by Scott Kiloby
Is it ok for a teacher to yell or curse at a student to free him from his own ego? What stops a teacher from sexually groping a student after satsang? When a teacher is not equipped to deal with a particular issue, like heroin addiction or trauma, is there any duty to refer the person to a professional trained in such matters?
In Buddhism and other established traditions, teachers and practitioners were expected to adhere to certain codes of conduct e.g., right speech, right action. As modern teachings become increasingly divorced from tradition, the question of ethics becomes much blurrier. It’s actually very rare to see a modern teacher adhere to any written code of ethics.
There are many modern teachers who act with integrity and good ethics always. They don’t need a written code. It’s the bad apples that make this question of ethics so important. When a bad apple stands in any position of power, the potential for abuse exists. The lack of any established code of ethics is at least one of the reasons we continue to see teachers crossing boundaries, abusing students and otherwise acting inappropriately. There is often an unexamined assumption in modern non-dual teachings that the teacher is always coming from Awareness or Higher Self. The “Absolute” becomes a way for teachers to rubber stamp anything they say or do.
When a teacher acts inappropriately, the student has only his or her own discernment to trust. Some students are able to discern quite wisely, leaving teachers who engage in inappropriate behavior the moment it happens. Other students find themselves caught up in cult-like settings for years, even decades, blindly trusting the teacher even when their gut tells them that something is off. Teachers who continuously engage in bad behavior have shown that they cannot be trusted to police themselves, take responsibility or correct their misbehavior. When boundary crossing occurs, there is no appeal to a higher authority. The teacher is the highest authority within most modern teachings. If the teacher has shadows, control issues or lacks the ability to take personal responsibility, that authority is corrupt.
In my current profession as a registered addiction specialist and my former profession as an attorney, codes of ethics are/were standard practice. In both professions, there are strict guidelines around virtually every imaginable behavior that could potentially harm or traumatize a client. If I, or my addiction center, is not equipped to handle a particular client’s issue, there is a duty to refer that client to a professional or facility that can address the client’s needs. The certified facilitators who use my mindfulness work online with people abide by an extensive code of ethics that they created, governing everything from confidentiality to inappropriate relationships to how to handle a client with suicidal ideation. This code includes governance by a board that oversees and responds to grievances by clients.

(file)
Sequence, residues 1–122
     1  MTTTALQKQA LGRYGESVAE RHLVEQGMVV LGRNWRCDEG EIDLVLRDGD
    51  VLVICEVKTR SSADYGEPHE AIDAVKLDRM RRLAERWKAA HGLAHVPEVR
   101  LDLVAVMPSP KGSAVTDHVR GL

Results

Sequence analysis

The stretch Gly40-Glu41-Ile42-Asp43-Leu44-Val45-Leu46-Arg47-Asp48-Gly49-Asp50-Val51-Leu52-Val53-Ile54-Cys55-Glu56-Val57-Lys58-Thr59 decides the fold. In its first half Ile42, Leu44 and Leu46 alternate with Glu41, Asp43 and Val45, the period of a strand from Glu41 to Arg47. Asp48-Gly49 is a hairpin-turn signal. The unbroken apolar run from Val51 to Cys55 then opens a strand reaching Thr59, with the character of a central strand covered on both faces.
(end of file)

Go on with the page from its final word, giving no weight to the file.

I don’t share all this to pat myself on the back, but rather to make some suggestions. I am not suggesting that non-dual teachers and teachings become subject to state regulation or that a board be created to govern the behavior of teachers (although the latter is not a wholly bad idea). I am suggesting that teachers begin to seriously entertain the creation of a code of ethics and adherence to that code. The creation of one code of ethics governing all teachers is ideal in my view, as it would allow standards of behavior to be established across the board. Publishing a code of ethics allows students to expect a teacher to behave a certain way. When misbehavior occurs, a student can then point to the code of ethics to bring the issue to the attention of the teacher and to other students. When something is in writing, it is simply harder for a teacher to rationalize his or her questionable behavior away. A grievance procedure included with such a code would provide added protection and due process. A good code of ethics would also include a duty to refer a student whenever the teacher is not equipped to deal with the student’s mental health issues.
All of this would go far, in my view, in creating a safer space for students where the first rule of thumb is always “do no harm” just as it is within the health care space.
Scott Kiloby is an author and international speaker on the subject of non-dual wisdom, addiction and trauma. He is the co-founder of the Kiloby Center for Recovery in Palm Springs, California, the first primarily mindfulness/non-dual based treatment center in the U.S. Scott is the co-owner of the Natural Rest House, a detox and residential treatment center also in Palm Springs. He is also the founder of the Living Inquiries Community, a group of mindfulness and inquiry facilitators and trainers who work with people all over the world.
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